This route starts at NJ’s highest waterfall, Buttermilk Falls. Hike steeply uphill to the Appalachian Trail to Crater Lake and Hemlock Pond.
7.2 miles – Average trail surface; steep at first (so once more on the finish). Walking stick or trekking poles are useful if in case you have them. Rocky sections but in addition a variety of straightforward woods roads.
- Tremendous brief: Simply climb up the stairs around the falls and luxuriate in. You’ll be able to continue on the BLUE path on the prime, but remember it is quite steep right from the beginning and greater than a stroll in the woods. Contemplate combining a stop at Buttermilk Falls with a brief hike at Tillman Ravine on the best way.
- Medium: Buttermilk Falls path to an unmarked woods street to Hemlock Pond and return; roughly 5 miles.
- Alternate Medium: Good 6.four loop to Rattlesnake Mtn, w/o Crater or Hemlock, is in Mountaineering
- Optionally available add-on: Silver Spray Falls (Hidden Falls) trailhead is about .5 mile from Buttermilk Falls (stroll north along Mountain street, trailhead is unmarked, there’s a pull off space with room for 1, perhaps 2 automobiles). Then it’s about .25 miles from the trailhead to the falls. Cross the stream otherwise you’ll miss it. Making an attempt to find these falls is part of the fun, and other people typically don’t discover them on the first try.
- Nearby: Tillman Ravine, Appalachian Trail – Crater Lake to Blue Mountain, Millbrook Village and Van Campens Glen, Van Campens Glen.
Our two cents:
Buttermilk Falls is mere steps away from a parking zone and requires no mountaineering to see it, so this implies the world can get crowded.
A set of elaborate stairs could be climbed to get different views of the waterfall. The route under continues up previous the falls to Crater Lake and Hemlock Pond for an superior day trip.
Update 7/2019 – Re-hiked, description/online map up to date, added photographs and moved some older ones to their respective path weblog. 1/2018 – Added winter parking observe. 4/2016 – Minor description modifications; solely hiked to falls for photographs. 6/2013 – Path description and GPS coordinates revised, more pictures and a video of the falls added.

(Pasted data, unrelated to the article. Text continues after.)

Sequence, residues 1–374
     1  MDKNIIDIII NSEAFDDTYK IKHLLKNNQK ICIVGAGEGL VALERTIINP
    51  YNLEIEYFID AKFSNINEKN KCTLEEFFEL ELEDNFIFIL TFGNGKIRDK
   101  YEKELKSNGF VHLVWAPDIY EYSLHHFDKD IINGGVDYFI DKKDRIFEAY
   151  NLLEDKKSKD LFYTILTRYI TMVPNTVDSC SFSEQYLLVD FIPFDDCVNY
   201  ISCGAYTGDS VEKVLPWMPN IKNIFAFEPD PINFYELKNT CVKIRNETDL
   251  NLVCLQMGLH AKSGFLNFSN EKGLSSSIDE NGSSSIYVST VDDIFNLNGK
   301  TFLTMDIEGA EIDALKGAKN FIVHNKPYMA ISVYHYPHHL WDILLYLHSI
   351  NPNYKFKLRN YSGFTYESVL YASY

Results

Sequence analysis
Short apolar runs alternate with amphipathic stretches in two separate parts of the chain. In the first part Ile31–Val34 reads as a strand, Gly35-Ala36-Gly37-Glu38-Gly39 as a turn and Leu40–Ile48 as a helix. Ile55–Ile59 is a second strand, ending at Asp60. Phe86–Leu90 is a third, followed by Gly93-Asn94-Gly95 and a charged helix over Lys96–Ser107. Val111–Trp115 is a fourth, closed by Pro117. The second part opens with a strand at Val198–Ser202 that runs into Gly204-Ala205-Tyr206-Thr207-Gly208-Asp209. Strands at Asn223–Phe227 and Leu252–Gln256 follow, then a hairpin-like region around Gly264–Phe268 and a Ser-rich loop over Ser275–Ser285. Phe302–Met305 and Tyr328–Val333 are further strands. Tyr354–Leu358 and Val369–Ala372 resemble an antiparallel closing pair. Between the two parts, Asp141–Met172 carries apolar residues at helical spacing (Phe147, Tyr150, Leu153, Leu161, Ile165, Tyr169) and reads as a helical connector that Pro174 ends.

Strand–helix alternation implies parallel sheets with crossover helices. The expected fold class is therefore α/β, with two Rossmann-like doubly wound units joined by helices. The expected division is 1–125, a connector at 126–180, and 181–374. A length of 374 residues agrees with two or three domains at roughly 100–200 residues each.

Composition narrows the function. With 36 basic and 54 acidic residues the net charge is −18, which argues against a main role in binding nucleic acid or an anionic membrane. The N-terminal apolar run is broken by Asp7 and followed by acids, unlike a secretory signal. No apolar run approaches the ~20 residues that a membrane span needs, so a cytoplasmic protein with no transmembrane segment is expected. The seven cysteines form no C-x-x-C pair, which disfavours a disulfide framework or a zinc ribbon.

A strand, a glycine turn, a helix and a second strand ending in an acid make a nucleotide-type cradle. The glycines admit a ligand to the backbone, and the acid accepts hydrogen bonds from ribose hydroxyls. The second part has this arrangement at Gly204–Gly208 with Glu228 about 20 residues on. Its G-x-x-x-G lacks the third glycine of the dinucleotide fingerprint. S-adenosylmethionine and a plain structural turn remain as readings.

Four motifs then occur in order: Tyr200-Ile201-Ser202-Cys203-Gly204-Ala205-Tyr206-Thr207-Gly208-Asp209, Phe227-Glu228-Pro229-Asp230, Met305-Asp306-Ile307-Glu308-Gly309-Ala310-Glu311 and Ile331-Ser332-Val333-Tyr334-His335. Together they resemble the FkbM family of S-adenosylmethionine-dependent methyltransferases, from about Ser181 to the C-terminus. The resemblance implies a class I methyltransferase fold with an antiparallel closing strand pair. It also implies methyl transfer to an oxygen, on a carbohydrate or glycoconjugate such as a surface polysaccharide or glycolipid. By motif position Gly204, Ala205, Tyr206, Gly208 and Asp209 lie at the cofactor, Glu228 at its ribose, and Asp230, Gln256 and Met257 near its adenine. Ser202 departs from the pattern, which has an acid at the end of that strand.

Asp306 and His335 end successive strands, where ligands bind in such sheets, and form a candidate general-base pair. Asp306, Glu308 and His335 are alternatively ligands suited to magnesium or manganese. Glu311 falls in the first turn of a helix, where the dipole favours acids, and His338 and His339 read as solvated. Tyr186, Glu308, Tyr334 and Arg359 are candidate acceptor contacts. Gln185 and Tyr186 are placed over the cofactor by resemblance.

Buttermilk Falls after current rainfall:
Map# 121 of the Kittatinny Trails map set. The portion of this route that loops round Crater Lake could be complicated; we strongly advocate to have the map set with you, and use our Buttermilk Falls on-line map.
Word: Google’s map knowledge has the Appalachian Path marked incorrectly in the area between Buttermilk Falls Path and Crater Lake. It does not cut up in two, one in every of these trails is an unmarked path.
A shorter alternate loop (6.four miles) from Buttermilk Falls might be found in Mountaineering
An extended backpack on the Appalachian Path that skirts close to Crater Lake might be found in 50 Hikes in New Jersey. A superb guide to all the trails within the region is Kittatinny Trails.
Parking: N41.13702° W74.88917°
Mountain Rd, Layton, NJ 07851. This can be a park street and doesn’t include a road number. Lot can refill.
Lot is a medium-sized dust lot, reached by a mud street that has bumps and potholes – many are relatively deep.
Mountain Street is ok with a daily automotive in the event you take it sluggish – but for those who software round in a very candy experience chances are you’ll need to have another person drive 🙂 or park at either finish and stroll down the street to the falls.
Rt. 206 N, past Culver’s Lake. Left onto Struble Street. This becomes Dimon Street. Cross two parking areas on the left for Tillman Ravine.
At the intersection close to Walpack Cemetery, turn left onto Mountain Street. Hold happening Mountain Street until you see a large dust lot on the correct with Buttermilk Falls on the left.
Alternate Parking: Parking may be approached from the other course: North on Rt 602 by way of Millbrook, R onto park street 615 Walpack Flatbrook Street, R on Haney’s Mill, and cross a bridge on to Mountain Street, the falls parking is on the left a few mile in – though we feel the 206 means is simpler.
Winter Parking: Many roads in the area are gated in January or at first vital snowfall so you’ll have to stroll down Mountain Street to access the falls.
For roughly a mile street walk, use the alternate instructions above, park on the gate, and stroll from there. You may as well park on the opposite finish at Walpack Cemetery however from there it’s virtually a 2 mile stroll down Mountain Street.
None on the Falls parking. When you strategy from Rt. 206, there are outhouses at the two Tillman Ravine parking tons on Mountain Rd.
For those who strategy from the other path, there may be portas at Millbrook, and restrooms when it’s open. Through the hike there are two composting bogs within the parking zone at Crater Lake.
Overview: Buttermilk Falls (BLUE) – Appalachian Trail (WHITE) – Crater Lake (ORANGE?) – Appalachian Path (WHITE) – Hemlock Pond (ORANGE) – Blue Mt Lake Path (unmarked) – Woods Street (labeled as such on the map) – Buttermilk Falls (BLUE)